As soon as we got to our corral (3:50 estimated time was the start of the 2nd corral), we looked for our pacer. We found 3:45. We found 3:55. Where was 3:50? He must have slept in. Thanks for all of your advice, I had already anticipating NOT relying on the pacer, but it was still disappointing to find that he/she just didn’t show up! I had my Garmin set to show my average overall pace and NOT to show me my mile splits and Asia had hers set to show us our mile splits. This method worked really well. We started off the race at a nice pace and it felt really good to be running 8:44-5/minute miles. We were very consistent in our pace and it wasn’t a problem to maintain.
We made our way down the coast and then turned inland and then made our way through Central Park. This was one of my favorite parts of the race. Central Park covers two city blocks and I’ve been to it probably a hundred times in my life so it was pretty awesome to run through it. The sun was rising and the lake looked beautiful and the trees kept the path cool. We ran on a path as well as a trail during this part and there were a lot of turns. We kept up our pace and naturally found ourselves running with the same people. By the time we made it out of the parks, we hit our first and only steep hill, at mile 8. I clicked my watch to the heart rate setting and told Asia I didn’t want it to go over 180 (it was creeping between 170-175 the whole time which is pretty normal for me). It did climb to 182 unfortunately but it was a short hill so I don’t think it made a big difference (as I learned during my VO2Max test, any time your heart rate climbs over zone 3 you really start to burn carbs and have a higher chance of bonking/hitting the wall).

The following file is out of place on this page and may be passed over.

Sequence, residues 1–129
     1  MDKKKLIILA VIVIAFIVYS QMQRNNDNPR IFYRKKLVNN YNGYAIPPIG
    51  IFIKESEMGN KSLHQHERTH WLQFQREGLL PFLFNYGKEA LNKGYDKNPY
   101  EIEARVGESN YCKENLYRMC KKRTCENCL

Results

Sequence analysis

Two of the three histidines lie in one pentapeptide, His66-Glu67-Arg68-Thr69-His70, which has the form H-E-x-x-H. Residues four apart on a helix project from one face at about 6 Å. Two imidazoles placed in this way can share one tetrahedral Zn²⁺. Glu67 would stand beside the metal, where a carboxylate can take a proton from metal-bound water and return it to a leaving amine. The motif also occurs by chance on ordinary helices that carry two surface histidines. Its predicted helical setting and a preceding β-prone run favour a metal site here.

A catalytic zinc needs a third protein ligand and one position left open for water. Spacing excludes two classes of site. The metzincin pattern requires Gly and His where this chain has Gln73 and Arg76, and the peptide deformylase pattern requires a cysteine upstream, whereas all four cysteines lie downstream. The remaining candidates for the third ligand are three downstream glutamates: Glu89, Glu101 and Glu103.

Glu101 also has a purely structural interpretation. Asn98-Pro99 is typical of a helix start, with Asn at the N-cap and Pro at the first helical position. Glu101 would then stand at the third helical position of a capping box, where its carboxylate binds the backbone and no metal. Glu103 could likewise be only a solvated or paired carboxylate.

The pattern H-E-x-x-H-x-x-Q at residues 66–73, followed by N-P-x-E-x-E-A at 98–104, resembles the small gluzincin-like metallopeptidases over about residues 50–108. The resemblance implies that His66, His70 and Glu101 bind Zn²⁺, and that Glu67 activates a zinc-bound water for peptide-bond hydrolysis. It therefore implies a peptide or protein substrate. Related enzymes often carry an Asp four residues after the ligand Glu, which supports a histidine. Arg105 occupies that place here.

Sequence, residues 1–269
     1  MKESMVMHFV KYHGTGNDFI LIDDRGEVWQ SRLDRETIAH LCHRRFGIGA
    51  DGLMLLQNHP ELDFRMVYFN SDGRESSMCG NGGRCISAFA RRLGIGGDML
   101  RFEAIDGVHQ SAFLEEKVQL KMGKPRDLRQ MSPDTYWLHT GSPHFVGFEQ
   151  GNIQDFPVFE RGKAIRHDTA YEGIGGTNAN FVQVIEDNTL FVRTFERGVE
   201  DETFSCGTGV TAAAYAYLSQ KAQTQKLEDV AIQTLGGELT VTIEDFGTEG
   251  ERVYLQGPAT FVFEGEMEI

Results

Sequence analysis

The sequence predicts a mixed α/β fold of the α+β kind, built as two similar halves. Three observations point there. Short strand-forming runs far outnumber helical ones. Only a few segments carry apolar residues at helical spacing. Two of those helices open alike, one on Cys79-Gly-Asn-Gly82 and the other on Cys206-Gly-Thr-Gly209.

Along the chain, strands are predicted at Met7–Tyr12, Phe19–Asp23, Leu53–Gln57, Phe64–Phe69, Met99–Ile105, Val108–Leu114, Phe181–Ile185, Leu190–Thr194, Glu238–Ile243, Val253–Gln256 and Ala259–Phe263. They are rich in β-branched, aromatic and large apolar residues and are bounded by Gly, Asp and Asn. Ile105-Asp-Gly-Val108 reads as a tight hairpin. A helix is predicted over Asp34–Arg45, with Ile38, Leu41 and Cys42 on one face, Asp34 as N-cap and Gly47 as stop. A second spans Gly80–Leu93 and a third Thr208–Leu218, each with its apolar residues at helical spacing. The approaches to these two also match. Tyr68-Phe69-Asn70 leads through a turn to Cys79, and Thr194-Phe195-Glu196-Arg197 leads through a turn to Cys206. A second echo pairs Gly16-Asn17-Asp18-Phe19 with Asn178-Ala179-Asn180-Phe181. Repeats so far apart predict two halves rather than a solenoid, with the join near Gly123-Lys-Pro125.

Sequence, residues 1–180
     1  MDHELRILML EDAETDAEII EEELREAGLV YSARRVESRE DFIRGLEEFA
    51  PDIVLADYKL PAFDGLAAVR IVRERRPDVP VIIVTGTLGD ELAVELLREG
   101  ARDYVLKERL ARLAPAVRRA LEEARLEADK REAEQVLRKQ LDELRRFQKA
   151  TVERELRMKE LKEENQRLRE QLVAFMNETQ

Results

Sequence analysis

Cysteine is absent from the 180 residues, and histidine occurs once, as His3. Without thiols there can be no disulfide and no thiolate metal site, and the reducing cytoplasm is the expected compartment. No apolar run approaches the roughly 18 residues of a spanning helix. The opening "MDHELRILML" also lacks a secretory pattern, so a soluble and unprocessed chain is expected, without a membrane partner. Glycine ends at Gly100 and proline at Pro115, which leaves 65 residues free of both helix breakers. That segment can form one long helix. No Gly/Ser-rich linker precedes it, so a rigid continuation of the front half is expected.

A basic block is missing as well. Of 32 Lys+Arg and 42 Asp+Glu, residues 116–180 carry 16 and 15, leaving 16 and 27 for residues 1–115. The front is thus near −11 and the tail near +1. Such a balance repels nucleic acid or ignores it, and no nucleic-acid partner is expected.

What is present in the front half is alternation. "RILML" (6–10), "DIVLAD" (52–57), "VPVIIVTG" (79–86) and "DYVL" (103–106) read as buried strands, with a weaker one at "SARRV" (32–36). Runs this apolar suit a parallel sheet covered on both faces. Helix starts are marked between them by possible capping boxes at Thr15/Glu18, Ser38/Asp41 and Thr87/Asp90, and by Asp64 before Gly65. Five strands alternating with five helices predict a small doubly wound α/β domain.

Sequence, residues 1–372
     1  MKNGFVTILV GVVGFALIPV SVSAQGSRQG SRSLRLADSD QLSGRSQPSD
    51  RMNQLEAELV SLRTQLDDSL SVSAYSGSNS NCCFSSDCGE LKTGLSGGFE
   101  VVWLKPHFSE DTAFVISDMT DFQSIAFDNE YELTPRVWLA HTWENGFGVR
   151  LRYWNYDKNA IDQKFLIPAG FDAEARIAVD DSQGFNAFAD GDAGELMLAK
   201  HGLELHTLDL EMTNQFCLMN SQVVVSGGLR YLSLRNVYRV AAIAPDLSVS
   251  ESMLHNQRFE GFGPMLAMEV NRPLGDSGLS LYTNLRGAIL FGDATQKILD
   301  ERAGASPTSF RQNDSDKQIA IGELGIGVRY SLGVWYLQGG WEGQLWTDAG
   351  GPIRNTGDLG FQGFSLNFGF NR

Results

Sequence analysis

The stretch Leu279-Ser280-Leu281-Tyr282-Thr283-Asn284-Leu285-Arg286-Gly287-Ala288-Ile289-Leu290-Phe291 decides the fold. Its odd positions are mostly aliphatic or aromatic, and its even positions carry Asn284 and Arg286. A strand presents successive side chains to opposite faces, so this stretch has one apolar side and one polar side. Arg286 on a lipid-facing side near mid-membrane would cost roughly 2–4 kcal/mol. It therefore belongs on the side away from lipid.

Soon after the hill we saw my dad and step mom, who were taking lots of pictures and waving wildly to us. It was great to see familiar faces! Throughout the race Asia and I were checking in with each other on how we felt and during these first 9-10 miles we both agreed that we felt fantastic. Although our pace was 30-45 seconds/mile faster than our long runs, we both felt better than our long runs. It’s really incredible what a good taper and a week of quality sleep can do for you (not to mention race nerves, caffeine, and adrenaline!). As soon as we turned onto the coast and started making our way north on PCH, we saw Jeremy and he cheered us on. We still felt really good and were feeling really positive about meeting our goal. I brought some electrolyte tablets with me which I experimented with during 2 of our long runs and felt safe taking, despite not using them consistently in training, and I took 2 around mile 10. It was starting to get really warm at this point. It wasn’t until we made our wall all the way down the coast and turned around that we hit 13.1 – halfway home and feeling great!
The 2nd Half
Although there were less bands and less spectators on this course than Rock n Roll marathon, I did enjoy the crowds and music provided. Many of the volunteers were children who were very excited to be helping us out. There were some good signs around the 14 mile marker, one of which said “Don’t stop (That’s what she said)” and some other clever ones. Around this time is when I felt the first signs of fatigue, mostly in my glutes, which is typically where I get sore first. However, our pace was still on track. This section of the race seemed to last a while and we kept hoping to finally reach the turnaround where we’d get onto the boardwalk for the final 10 miles or so. On the way there, we saw my dad and step mom again and then Jeremy a couple miles later. We also saw Mike running at head of us a couple of times. It was great to see them!